Kaptan, 34, has been a barber for 12 years. It was both a necessity and an occupation associated with caste. He is a school dropout and got married in his late teens. His wife Anisha was in her mid-teens.
Teenage marriage is a common practice in Mewat district. Now he has the responsibility of looking after his wife and children. “After marriage, I had to earn; I couldn’t do anything as I was not educated, and this is our family occupation,” says Kaptan.
He ran his salon in a rented shop in Shikrawa. Life was dragging on with meager earnings, which worsened with the imposition of lockdown when his shop was closed. His financial condition deteriorated, and he struggled to meet his daily needs. During this period of financial hardship and mental distress, our Model Village Coordinator from Shikrawa introduced him to the Human Welfare Foundation.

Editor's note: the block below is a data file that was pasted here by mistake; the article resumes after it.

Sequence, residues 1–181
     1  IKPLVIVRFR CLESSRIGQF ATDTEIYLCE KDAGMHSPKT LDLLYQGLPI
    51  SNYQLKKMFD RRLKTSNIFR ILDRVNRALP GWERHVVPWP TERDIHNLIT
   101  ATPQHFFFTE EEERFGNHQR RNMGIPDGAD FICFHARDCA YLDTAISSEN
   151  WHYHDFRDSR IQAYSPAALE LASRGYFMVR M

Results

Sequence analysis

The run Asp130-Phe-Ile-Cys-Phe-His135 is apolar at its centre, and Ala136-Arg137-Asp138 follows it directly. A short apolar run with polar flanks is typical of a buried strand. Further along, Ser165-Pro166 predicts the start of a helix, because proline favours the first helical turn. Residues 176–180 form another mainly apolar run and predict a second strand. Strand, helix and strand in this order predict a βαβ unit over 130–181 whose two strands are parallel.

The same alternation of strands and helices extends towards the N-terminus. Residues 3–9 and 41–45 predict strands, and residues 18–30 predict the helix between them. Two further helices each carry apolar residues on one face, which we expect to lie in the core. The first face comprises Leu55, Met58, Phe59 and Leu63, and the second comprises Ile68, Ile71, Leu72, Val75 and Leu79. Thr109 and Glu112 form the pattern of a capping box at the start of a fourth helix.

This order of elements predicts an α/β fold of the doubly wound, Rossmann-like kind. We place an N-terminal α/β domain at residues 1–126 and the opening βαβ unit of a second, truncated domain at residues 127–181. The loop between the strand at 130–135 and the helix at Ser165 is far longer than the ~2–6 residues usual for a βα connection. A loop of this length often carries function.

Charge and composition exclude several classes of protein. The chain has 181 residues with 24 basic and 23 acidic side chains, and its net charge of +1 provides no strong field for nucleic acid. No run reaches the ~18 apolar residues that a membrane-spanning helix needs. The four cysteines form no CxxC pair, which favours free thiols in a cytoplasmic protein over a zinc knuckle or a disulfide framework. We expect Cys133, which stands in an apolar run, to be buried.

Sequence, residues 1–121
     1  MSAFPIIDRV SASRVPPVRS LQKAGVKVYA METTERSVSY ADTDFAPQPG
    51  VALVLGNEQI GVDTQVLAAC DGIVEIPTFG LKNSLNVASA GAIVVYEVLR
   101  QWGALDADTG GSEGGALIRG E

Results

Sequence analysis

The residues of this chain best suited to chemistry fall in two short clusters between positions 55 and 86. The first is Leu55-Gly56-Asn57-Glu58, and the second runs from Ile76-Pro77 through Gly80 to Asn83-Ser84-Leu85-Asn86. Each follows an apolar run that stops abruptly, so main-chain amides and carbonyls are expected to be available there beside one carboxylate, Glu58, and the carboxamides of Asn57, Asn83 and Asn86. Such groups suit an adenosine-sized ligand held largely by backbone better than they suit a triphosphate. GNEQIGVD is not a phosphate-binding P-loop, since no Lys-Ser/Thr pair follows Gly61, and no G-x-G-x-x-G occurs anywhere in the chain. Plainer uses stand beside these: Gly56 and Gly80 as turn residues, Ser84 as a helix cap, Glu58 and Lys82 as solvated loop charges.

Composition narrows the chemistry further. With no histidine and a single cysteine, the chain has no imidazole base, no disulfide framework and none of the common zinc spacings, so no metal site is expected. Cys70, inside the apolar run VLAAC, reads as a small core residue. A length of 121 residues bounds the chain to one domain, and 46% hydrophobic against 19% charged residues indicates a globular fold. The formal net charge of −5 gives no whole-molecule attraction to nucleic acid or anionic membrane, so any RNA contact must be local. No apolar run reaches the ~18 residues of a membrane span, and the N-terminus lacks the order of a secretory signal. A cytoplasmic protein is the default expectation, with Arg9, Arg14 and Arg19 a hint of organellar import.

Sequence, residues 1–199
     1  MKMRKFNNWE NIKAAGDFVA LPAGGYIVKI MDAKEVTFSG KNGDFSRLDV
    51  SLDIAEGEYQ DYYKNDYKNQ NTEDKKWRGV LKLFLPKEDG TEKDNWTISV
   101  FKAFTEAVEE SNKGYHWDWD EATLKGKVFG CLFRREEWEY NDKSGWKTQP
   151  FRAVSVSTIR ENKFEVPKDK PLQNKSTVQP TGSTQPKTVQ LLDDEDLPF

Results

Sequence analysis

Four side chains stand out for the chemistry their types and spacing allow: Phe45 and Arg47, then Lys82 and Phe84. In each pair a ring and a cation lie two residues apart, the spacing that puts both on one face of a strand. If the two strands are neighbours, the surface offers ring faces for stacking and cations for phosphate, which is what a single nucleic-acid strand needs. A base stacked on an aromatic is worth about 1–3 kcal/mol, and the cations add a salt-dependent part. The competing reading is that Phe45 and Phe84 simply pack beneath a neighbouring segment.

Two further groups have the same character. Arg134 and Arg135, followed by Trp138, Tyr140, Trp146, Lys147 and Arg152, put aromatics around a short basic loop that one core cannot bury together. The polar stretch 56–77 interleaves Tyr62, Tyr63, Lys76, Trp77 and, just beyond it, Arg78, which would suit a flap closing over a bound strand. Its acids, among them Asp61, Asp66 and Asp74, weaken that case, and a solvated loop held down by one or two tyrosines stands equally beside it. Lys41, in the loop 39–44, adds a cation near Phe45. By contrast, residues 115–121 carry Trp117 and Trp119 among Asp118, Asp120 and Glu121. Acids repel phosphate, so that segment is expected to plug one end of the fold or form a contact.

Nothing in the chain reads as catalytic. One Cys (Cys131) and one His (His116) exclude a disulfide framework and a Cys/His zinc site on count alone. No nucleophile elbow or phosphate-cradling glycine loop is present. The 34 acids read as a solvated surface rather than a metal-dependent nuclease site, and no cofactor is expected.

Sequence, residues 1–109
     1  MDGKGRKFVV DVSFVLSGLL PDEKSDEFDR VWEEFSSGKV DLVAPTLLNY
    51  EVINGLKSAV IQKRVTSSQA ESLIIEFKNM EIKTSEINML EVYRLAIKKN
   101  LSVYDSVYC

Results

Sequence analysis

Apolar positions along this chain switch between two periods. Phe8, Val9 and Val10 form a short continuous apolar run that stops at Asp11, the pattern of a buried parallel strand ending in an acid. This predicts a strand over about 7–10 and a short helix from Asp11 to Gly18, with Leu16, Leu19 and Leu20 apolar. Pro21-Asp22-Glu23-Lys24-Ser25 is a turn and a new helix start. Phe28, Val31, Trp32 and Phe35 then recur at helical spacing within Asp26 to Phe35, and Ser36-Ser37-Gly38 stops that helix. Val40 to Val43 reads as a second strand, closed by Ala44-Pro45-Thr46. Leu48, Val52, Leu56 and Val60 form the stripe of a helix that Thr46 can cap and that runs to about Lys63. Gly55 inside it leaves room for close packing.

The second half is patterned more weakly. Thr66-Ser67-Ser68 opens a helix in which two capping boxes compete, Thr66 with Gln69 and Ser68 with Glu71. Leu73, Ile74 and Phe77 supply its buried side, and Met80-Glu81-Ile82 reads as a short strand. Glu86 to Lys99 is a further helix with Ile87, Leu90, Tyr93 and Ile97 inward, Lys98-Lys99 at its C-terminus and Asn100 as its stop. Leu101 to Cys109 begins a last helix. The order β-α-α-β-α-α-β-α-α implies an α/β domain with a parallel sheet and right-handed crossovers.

The HWF, under its livelihood project, helped Kaptan set up a barbershop. All the basic equipment and essentials were provided by the HWF. As his shop was standardized with bigger mirrors and modern equipment, he attracted an increased number of customers.
Kaptan shared that “For the first few days, I got a good deal of customers that I could barely keep up with; the earnings were beyond expectations.”
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